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Procedural Posture

Procedural Posture

By: SMITH THOMPSON

Appellant insurance broker challenged a judgment of the Superior Court of San Francisco County, California, which sustained a demurrer to its cross-complaint against respondent medical group for comparative indemnity without leave to amend. The broker filed the cross-complaint after it was sued for breach of contract and negligence by an insured that had retained its services. The parties were counseled by a corporate attorney for the civil litigation.

Overview

The insured alleged that the group had submitted timely information to the broker about a patient’s renal failure claim, but that the broker failed to prepare the form for reporting it in a timely fashion. The court found that the cross-complaint did not allege vicarious or strict liability, nor an implied contractual obligation for the group to indemnify the broker. The question was whether, with respect to the claims analysis, the group owed the insured a duty of care sounding in tort. Despite the cross-complaint’s use of negligence terminology, the alleged misconduct by the group described, at most, a breach of contract, not a breach of a legal duty of care. It was an improper attempt to recast a breach of contract cause of action as a tort claim. Nor was there any social policy that would demand resort to tort remedies. Without any action sounding in tort, there was no basis for a finding of potential joint and several liability on the part of the group, thereby precluding a claim for equitable indemnity. Because negligent performance of a contract gave rise to contract damages only, such alleged negligence would not support a claim for equitable indemnity.

Outcome

The court affirmed the trial court’s judgment.

Procedural Posture

Plaintiff claimant sought review of a judgment from the Court of Appeal, Third Appellate District (California), which issued a writ of mandate directing that the trial court sustain defendant city’s demurrer to the claimant’s contract suit.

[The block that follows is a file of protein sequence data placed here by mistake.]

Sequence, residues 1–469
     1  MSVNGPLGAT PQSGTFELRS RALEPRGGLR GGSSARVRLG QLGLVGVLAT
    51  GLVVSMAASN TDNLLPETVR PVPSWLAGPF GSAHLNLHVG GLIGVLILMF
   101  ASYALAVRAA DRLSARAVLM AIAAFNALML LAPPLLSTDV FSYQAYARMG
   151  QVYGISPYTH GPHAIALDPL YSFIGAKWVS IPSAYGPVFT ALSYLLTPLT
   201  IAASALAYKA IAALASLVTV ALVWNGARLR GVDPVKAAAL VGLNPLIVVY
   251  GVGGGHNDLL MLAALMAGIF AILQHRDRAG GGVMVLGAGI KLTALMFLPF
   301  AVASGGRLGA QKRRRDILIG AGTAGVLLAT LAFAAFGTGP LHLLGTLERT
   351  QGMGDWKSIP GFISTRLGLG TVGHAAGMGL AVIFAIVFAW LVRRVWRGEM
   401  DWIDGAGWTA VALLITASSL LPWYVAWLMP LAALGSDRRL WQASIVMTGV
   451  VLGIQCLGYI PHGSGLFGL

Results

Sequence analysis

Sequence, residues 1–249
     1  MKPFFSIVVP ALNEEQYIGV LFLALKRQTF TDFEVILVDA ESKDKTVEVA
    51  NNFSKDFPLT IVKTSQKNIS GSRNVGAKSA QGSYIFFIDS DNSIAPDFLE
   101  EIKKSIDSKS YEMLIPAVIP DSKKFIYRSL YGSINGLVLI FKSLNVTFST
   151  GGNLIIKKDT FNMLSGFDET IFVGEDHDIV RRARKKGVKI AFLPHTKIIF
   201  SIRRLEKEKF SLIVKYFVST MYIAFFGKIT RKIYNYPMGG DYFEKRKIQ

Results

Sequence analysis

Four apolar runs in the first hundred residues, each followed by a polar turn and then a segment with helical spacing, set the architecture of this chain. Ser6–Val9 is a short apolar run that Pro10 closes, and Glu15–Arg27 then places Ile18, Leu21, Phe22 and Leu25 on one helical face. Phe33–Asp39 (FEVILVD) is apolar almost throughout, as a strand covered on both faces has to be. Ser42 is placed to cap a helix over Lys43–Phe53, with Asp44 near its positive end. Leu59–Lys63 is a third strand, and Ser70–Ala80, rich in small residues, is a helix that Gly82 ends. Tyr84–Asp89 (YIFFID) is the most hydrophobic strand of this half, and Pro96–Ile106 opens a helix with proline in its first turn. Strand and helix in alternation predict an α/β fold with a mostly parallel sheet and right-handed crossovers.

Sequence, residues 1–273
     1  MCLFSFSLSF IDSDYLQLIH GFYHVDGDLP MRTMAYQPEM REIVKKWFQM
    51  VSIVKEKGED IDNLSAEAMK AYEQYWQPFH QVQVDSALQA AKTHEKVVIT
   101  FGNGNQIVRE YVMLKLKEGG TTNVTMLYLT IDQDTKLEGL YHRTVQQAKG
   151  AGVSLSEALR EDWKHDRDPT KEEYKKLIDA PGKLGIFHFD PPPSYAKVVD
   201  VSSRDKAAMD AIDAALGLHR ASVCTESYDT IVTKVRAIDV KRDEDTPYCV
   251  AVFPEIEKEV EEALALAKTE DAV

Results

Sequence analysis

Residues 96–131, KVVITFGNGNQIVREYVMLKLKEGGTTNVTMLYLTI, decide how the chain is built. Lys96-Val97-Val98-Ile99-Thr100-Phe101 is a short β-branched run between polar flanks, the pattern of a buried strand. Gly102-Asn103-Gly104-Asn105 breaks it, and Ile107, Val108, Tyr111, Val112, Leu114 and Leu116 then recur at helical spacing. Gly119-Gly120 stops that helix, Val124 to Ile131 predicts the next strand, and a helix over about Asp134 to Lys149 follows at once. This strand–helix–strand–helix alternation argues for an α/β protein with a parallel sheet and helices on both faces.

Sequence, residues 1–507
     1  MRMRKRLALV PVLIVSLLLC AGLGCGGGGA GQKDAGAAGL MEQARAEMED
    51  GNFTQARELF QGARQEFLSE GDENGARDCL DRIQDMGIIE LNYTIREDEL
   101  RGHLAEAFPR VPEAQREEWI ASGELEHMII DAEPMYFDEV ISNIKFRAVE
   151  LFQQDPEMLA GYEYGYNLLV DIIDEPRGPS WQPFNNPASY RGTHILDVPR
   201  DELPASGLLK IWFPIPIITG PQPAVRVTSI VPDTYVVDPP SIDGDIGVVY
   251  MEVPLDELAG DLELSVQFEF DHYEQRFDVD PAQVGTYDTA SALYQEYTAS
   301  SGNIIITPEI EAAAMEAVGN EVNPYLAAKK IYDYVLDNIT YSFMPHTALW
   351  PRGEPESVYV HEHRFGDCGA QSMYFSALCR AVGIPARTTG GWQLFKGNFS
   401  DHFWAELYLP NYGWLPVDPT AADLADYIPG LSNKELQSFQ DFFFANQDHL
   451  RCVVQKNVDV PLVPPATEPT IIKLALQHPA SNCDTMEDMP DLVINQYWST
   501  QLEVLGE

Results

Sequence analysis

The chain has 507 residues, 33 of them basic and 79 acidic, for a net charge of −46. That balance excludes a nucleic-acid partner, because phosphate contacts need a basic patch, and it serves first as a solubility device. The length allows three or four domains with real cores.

Overview

The claimant alleged that the city breached redevelopment contracts and gave its plans to another developer. The claimant did not present a claim before filing suit. After the trial court overruled a demurrer, the city filed a cross-complaint. The court of appeal found the demurrer meritorious and ruled that the claimant could file a cross-complaint asserting defensive claims. The court held that the claims presentation requirements of Gov. Code, §§ 905, 911.2, 945.4, applied to contract causes of action and that the claimant’s failure to comply barred its suit. Gov. Code, § 814, pertained only to immunity and had no effect on the claims requirements. The court stated that “Government Claims Act” was a more appropriate short title for Gov. Code, § 810 et seq., than “Tort Claims Act.” Because the claimant sought money or damages, the specific property exception to Gov. Code, § 905, did not apply. Nothing in the city’s conduct gave rise to estoppel or to waiver under Gov. Code, §§ 910.8, 911. Pursuant to Code Civ. Proc., § 432.10, the claimant could raise affirmative defenses in its answer to the cross-complaint, but Code Civ. Proc., § 431.30, subd. (c), precluded affirmative relief.

Outcome

The court affirmed the judgment of the court of appeal as modified to include directions to order the trial court to grant the claimant leave to amend the second amended complaint, should the claimant seek to do so, and to omit the directions that the claimant be allowed to file a cross-complaint.

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